Expert Testicular Cancer Surgery

Explore surgery options for testicular cancer.

Surgery is the main treatment for testicular cancer, and it requires a highly skilled surgeon. Our surgeons are pioneers in innovative and minimally invasive surgical techniques for testicular cancer.

Newly diagnosed? Contact the cancer team 24/7 by calling (888) 777-4167 or request an appointment online.

Types of testicular cancer surgery

The type of testicular cancer surgery that is right for you will depend on your unique needs and goals. Before surgery, your team will discuss your fertility preservation options.

At Henry Ford, we use the most advanced techniques, approaches and technologies available, including:

  • Orchiectomy: This technique is used to diagnose and treat both early-stage and later-stage testicular cancer. This surgery removes the entire testicle and mass through a small cut in the groin. The spermatic cord is also removed. The cell type will be confirmed and staged with this surgery.
    • After surgery, regular surveillance is done to make sure the cancer doesn’t return.
    • If one testicle is removed and the other is normal, testosterone levels should be fine. The remaining, healthy testicle should make enough testosterone. About 10 percent to 15 percent of testicular cancer survivors will have low testosterone levels and can get treatment.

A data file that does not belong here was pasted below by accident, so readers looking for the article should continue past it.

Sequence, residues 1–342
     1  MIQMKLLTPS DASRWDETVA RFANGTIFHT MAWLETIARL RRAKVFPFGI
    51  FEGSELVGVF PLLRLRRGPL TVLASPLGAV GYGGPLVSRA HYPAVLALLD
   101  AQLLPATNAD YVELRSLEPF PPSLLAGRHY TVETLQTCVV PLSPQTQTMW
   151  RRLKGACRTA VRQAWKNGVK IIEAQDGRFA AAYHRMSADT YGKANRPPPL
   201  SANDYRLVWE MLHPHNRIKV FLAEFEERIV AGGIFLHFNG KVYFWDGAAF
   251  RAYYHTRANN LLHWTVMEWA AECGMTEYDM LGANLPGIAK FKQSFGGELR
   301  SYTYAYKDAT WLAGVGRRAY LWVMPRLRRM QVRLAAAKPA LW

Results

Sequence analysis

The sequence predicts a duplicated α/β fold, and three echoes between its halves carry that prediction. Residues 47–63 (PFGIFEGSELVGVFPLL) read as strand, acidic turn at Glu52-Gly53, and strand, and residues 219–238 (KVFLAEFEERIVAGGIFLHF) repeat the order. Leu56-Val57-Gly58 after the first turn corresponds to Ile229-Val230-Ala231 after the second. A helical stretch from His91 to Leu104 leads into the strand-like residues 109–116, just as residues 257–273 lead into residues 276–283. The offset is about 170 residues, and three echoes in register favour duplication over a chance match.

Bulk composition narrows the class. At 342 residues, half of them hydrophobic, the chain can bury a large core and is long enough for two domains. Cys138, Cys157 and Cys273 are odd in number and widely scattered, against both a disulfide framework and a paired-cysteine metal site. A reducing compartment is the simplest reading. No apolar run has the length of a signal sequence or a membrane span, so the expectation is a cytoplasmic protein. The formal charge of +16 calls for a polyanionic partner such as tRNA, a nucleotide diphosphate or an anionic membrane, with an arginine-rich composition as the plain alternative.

• If a man is concerned about the way he looks, a testicular prosthesis is an option.
  • Testis-sparing surgery (TSS): This surgery removes just the tumor tissue, not the entire testis, and it is only recommended for select cases, including men with benign tumors or very small masses.
    • After surgery, regular surveillance is done to make sure the cancer doesn’t return.
  • Retroperitoneal lymph node dissection (RPLND): This complex surgery is used to limit the side effects of removing the lymph nodes in the back of the abdomen. It is an option for patients with stage I cancer and those with a high risk for recurrence. It is typically recommended for men with non-seminomatous germ cell tumors. And, it can be used rather than chemotherapy for patients with stage IIA or IIB non-seminoma tumors.
    • After RPLND surgery, chemotherapy or surveillance is offered, depending on the cancer location, type and risk of recurrence.

Active surveillance after surgery

If you have surgery to remove slow-growing stage 1 testicular cancer, your doctor may recommend active surveillance. This approach may reduce the need for chemotherapy or radiation therapy.

Active surveillance involves closely monitoring signs or symptoms to determine if the cancer has returned. Usually, surveillance lasts for 5-10 years, depending on your condition and your doctor’s advice. For the first three years, follow-up visits with your doctor may be required every 2-6 months. Tests done during the visits may include a physical exam, blood tests, chest X-ray, or CT scan of the abdomen.

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